The flourishing of female playwriting on the Augustan stage: Mary Pix’s "The innocent mistress"

José M. Yebra

Abstract


This article aims at analysing Mary Pix’s The Innocent Mistress (1697) as a paradigmatic example of the boom in female playwriting at the end of the seventeenth century in England. It is my main aim to determine whether and to what extent Pix’s play can be considered a derivative or innovative text. In other words, does The Innocent Mistress stick to the reformist atmosphere prevailing at the end of the seventeenth century or, on the contrary, is the play fully indebted to the hard Restoration drama of the 1670s? In contrast to the classic view of the Restoration stage as a monolith, this essay shows the evolution from the libertarian Carolean plays to the essentially reformist Augustan drama, and the impact and role of women’s writing in this process. Thus, after briefly delving into the main traits of both traditions –especially those concerning gender relations– my essay concludes that The Innocent Mistress proves to be clearly a product of its time, adapting recurrent Carolean devices to Augustan Reformism, but also the product of a female playwright and her limited room for transgression.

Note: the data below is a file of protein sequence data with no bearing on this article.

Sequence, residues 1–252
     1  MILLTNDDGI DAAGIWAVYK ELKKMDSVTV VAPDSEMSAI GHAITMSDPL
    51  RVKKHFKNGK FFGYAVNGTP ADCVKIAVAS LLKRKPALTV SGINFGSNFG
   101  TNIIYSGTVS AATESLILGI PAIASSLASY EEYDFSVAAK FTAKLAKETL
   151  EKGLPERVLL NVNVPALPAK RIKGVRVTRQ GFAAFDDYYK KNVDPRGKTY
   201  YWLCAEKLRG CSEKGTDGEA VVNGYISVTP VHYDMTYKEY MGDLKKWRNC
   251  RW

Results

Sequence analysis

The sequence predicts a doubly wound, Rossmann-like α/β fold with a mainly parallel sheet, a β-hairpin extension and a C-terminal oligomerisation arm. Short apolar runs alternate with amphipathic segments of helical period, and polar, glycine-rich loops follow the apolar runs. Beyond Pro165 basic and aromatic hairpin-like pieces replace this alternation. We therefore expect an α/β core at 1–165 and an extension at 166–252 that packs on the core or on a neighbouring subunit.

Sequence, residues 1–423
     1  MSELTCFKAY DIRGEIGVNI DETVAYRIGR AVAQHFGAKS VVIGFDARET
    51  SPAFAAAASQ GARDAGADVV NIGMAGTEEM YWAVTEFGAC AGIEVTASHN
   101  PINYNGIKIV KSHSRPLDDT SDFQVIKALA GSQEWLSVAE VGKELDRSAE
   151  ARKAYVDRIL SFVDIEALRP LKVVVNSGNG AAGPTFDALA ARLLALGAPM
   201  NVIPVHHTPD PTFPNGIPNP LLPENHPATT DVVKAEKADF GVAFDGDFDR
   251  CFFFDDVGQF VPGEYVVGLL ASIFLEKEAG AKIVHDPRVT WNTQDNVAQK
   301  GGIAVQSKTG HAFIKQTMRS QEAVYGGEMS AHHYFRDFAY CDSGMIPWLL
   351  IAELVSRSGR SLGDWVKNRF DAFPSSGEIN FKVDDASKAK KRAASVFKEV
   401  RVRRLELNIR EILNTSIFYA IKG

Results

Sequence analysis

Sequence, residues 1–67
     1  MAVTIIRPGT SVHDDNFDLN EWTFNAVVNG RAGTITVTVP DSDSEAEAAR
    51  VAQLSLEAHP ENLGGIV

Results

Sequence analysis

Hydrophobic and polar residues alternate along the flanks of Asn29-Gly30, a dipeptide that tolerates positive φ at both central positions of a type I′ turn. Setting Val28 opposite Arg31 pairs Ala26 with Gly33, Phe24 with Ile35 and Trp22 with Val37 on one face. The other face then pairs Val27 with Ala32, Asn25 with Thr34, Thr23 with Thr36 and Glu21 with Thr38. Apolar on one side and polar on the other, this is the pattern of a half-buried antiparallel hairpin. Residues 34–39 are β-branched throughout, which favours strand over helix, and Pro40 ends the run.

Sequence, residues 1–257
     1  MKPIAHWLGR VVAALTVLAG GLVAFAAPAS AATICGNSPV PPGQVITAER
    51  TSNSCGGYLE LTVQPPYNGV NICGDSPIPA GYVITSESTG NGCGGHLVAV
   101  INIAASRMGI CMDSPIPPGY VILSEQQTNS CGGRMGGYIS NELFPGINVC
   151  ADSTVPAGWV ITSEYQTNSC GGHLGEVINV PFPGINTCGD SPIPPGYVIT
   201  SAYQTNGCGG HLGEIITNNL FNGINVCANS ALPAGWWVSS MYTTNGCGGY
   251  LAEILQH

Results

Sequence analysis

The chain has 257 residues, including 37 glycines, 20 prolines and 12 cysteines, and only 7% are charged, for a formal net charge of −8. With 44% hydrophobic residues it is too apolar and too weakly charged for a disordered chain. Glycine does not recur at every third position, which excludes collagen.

Keywords


Female playwrights; comedy; Carolean drama; Augustan drama; moral reformism

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DOI: https://doi.org/10.18172/jes.2828

Copyright (c) 2014 José M. Yebra

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© Universidad de La Rioja, 2013

ISSN 1576-6357

EISSN 1695-4300